In spring of 2000, I assigned a student in my technical writing class to use her knowledge of poetry-writing to make a “Top 10 Tips” web page. I still regularly teach from that page, and over the years have updated and maintained it.
I was pleased the other day to learn this work is cited several times in an article on research poetry — that is, poems created by academics who work with all kinds of data, but who turn to poetic rather than scholarly language in order develop and share insights that might otherwise go unexamined.
This particular article uses “Poetry Writing: Top 10 Tips” to explore what makes research poetry “good enough” to function as poetry, when the authors are not themselves trained poets. (I am also thinking of Science Magazine’s “Dance your Ph.D.” contest.)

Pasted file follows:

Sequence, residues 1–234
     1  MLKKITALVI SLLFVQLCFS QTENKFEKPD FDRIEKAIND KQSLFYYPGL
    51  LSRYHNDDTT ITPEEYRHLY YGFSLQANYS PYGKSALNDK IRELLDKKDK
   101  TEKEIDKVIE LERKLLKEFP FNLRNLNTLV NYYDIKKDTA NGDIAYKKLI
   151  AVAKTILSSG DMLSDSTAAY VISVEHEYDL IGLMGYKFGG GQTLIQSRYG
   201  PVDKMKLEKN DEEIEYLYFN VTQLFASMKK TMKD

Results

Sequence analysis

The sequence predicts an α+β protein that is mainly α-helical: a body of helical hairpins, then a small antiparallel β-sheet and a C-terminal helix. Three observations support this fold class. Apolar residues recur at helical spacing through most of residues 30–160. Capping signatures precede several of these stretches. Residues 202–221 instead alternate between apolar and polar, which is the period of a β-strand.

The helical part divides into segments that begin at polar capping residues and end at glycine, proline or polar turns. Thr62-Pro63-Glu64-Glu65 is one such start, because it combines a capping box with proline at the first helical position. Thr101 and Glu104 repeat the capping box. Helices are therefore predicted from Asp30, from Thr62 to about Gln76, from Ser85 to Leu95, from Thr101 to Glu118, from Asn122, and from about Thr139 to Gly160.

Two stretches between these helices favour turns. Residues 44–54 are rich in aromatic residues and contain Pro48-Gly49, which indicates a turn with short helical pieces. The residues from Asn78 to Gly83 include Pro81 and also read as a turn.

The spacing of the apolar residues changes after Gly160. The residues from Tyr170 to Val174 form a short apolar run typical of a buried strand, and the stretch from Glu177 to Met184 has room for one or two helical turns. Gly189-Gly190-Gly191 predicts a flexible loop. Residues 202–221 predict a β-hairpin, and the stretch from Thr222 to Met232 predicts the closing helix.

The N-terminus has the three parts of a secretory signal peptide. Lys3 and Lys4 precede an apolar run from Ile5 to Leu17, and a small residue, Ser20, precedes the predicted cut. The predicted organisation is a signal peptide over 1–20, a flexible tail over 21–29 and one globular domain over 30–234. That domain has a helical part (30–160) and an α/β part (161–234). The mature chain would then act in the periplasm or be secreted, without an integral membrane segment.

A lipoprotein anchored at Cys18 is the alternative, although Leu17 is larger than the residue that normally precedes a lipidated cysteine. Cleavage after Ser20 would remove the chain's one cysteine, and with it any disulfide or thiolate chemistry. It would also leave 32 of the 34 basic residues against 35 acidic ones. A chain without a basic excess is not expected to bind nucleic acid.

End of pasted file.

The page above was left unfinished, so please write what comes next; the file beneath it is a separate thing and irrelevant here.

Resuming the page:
The creation of poetry with impact is a foundational area for would-be research poets to consider. One aspect of transitioning to an impactful poet includes considering what the goal of poetry is. Poetry is not only writing about our own experiences but also trying to write primarily for the reader, so the reader can experience new feelings and understandings or re-experience them in a novel way. Here, we would like to point out research poets have an advantage because the science part of our goals are always about others even when we are motivated by deeply personal experiences. Qualitative researchers and research poets alike are trying to understand and represent the world for the reader. This has been called a move
away from writing poetry to celebrate, commemorate, or capture your own feelings (in which case you, the poet, are the center of the poem’s universe) towards writing poetry in order to generate feelings in your reader (in which case the poem exists entirely to serve the reader. (Ziehl & Jerz, 2013)
Lahman, Maria K.E., Veronica M. Richard, and Eric D. Teman, “ish: How to Write Poemish (Research) Poetry.” Qualitative Inquiry, 2018, pp. 1-13. Sage Journals doi: 10.1177/1077800417750182